Lost on the rink: Has violence killed ice hockey?

When it comes to the ranking system of top North American sports, ice hockey is left in the dust more often than not. The viewing figures, attendances and general appeal of the rink don’t compare to the basketballs and footballs of the world, and to be honest, it’s not all that hard to see why.

First off, every major sport in that region of the globe has a superstar – at least the ones worth talking about do. Whether it be LeBron James, Tom Brady or Derek Jeter, there’s something for everyone when it comes to finding a guy that you can attach yourself to because of their worldwide star power.

Sure you’ve got Sidney Crosby in the NHL, but in reality, how many people outside of the sport would’ve heard of the Penguins star? 5%? How about Connor McDavid, a kid that is so unbelievably talented he’s been deemed the next Wayne Gretzky and yet he probably spends most of his time being mistaken for Conor McGregor.

When you look at the core of this problem there’s one glaring issue and that is the violence on display in hockey. We aren’t just talking about the NHL, either, because this problem is rooted into the game – this idea that you need to be a “hard man” in order to put on a pair of skates.

For example, the role in ice hockey known as ‘the enforcer’ which is unofficially used to describe the guy who initiates the fights within games. Their objective is to deter the opposition from doing dirty things, thereby creating a scenario in which a fight is the only justifiable way to solve the issue.

People go to hockey matches as much to see fights as they do the competition, mainly because it’s so cold and so hard to see the actual puck that they may as well focus on the thing they can actually witness.

The worst part about this is that the whole thing is hyped up and promoted by the biggest organisations in the sport, with the NHL not actually outright ejecting players for engaging in this kind of behaviour. Call us party poopers, but we’d still like to believe that the athletic competition involved is what should determine a winner and a loser.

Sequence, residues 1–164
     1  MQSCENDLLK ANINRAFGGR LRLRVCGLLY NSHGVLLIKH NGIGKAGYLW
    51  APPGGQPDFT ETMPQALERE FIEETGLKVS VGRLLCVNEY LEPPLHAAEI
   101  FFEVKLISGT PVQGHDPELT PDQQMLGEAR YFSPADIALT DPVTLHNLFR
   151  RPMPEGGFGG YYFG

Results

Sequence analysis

Hockey fans get very defensive when it comes to the debate on fighting on the ice, which is exactly why the NHL will never grow to the heights of its rivals. We don’t care whether or not you think it’s ‘more manly’ to get down and dirty because it just reeks of them trying to be different in order to try and compete.

Interestingly enough the Europeans are much stricter in terms of fighting, which is quite ironic when you think about it. After all, the most popular sport in the world is football aka soccer, where there’s no tolerance for foul play whatsoever.

If you want to see a brawl go watch a boxing match or an MMA fight because ice hockey is dying a slow death and they need to be highlighting the athleticism above anything else.

Focus on how difficult it is to control the play or how tactical the teams need to be in order to score, because right now all people are thinking about is the school-boy mentality of “which guy can hit harder than the other”.